From The Cancer Chronicles #23
© Sept. 1994 by Ralph W. Moss, Ph.D.

Editor's note: We saw Dr. Merchant in Philadelphia in November, 1996. The one patient referred to at the end of this article is still alive. Although he by no means regards chlorella as a "cure-all," he still gave a generally positive impression of the effect of this agent in cancer.

Chlorella is a one-celled marine vegetable that is often found `blooming' on the surface of freshwater ponds in spring. To its detractors, Chlorella is merely overpriced "pond scum." But, upon closer examination, Chlorella shows great promise as a source of essential nutrients, a means of detoxification, and a stimulator of the often flagging immune systems of cancer patients.

Chlorella pyrenoidosa is the scientific name for a class of tiny unicellular green algae. It is not to be confused with Spirulina, or blue-green algae, the focus of FDA prosecution in the 1980s. (See FDA Consumer 3/85 and 7-8/86.) In its nutritional composition, Chlorella rivals beefsteak, with 60 percent protein; it includes all the essential amino acids, as well as liberal amounts of 20 vitamins and minerals and Omega-3 and -6 fatty acids. Some would say it's too bad it doesn't taste like steak, or the world would have adopted it years ago.

The cell wall of the algae is deliberately broken in processing to liberate the nutrients. But these indigestible cell walls have a special affinity for heavy metals, such as mercury. Thus, Chlorella offers a unique means of `chelating' or removing such harmful minerals, which some scientists believe play a role in promoting chronic degenerative diseases, such as cancer.

Research into the health effects of Chlorella began in the 1950s. There were reports on its successful use in Hansen's disease and in preventing the development of liver necrosis in mice. Most algae research has been done in Japan, where Chlorella is the top-selling supplement.

In the 1960s, it was found that Chlorella decreased the side effects of chemotherapy—there was far less damage to the immune system. Chlorella also counteracts well-known carcinogens. At Japan's Kanazawa Medical College, scientists gave Chlorella to mice, either before or after the implantation of breast, ascites, or leukemic cancer cells. While all the control mice died within 20 days of the implantation, animals receiving Chlorella lived three times as long.

The main effect was seen when the supplement was given before the implantation of the cancer cells—a good argument for its preventive use. Surviving mice were then injected with implants of either the same tumor cells they have previously received, or a different type. They resisted the re-implantation of the same type of tumor, but not the new types. This strongly suggested that Chlorella, which has no cancer-killing effects in the test-tube, exerts its effects by enhancing the cellular immunity of the host animal.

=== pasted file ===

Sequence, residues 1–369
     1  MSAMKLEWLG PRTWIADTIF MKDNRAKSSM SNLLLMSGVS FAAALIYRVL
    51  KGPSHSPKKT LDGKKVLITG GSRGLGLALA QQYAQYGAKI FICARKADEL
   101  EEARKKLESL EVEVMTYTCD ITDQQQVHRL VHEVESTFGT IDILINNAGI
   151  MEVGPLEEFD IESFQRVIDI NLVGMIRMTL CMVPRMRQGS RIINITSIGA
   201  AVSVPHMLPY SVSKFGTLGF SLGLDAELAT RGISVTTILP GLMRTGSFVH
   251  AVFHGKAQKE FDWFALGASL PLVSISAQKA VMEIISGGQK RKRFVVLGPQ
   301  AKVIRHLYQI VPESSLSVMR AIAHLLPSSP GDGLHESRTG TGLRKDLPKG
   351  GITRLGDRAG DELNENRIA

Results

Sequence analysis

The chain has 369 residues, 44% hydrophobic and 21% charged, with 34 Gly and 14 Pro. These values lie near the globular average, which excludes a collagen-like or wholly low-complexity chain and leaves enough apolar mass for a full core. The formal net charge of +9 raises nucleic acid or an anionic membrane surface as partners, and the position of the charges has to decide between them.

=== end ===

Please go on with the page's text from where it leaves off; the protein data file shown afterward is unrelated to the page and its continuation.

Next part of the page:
Dr. Kanki Komiyama has also reported that an extract of Chlorella (called Chlon A) "showed remarkable life prolongation effects in mice bearing Sarcoma 180 [cancer cells] with a broad optimal dose range." This extract, he wrote, was "a potent modifier of some biological responses," such as the cancer-killing ability of macrophage cells.

One clinical experiment with Chlorella took place at the Medical College of Virginia (Phytotherapy Research 1990;4:220-231). Dr. Randall E. Merchant and colleagues gave Chlorella to patients with various forms of deadly brain cancer (e.g., malignant gliomas). These patients were advanced and had conventionally incurable disease. After two years in the study, 7 out of 20 evaluable patients were alive and had yet to show any reappearance of their tumors.

Dr. Merchant recently informed us that after the ending of his Chlorella research grant in 1990 he did not follow up on these patients. For what it's worth, however, he did encounter one of these patients recently—alive and well, and still taking her Chlorella, four years later.

Ralph W. Moss, Ph.D. is director of the The Moss Reports for cancer patients. Dr. Moss is the author of eleven books and three documentaries on cancer-related topics. He is or has been an advisor on alternative cancer treatments to the National Institutes of Health, the National Cancer Institute, the American Urological Association, Columbia University, the University of Texas, the Susan G. Komen Foundation and the German Society of Oncology. He wrote the first article on alternative medicine for the Encyclopedia Britannica yearbook. He is listed in Marquis Who's Who in America, Who's Who in the World, Who's Who in the East, and Who's Who in Entertainment (as a film documentarian). This Web site does not advocate any particular treatment for cancer. We urge you to always seek competent medical advice for all health problems, especially cancer. Before consulting our site please read our full Disclaimer statement.

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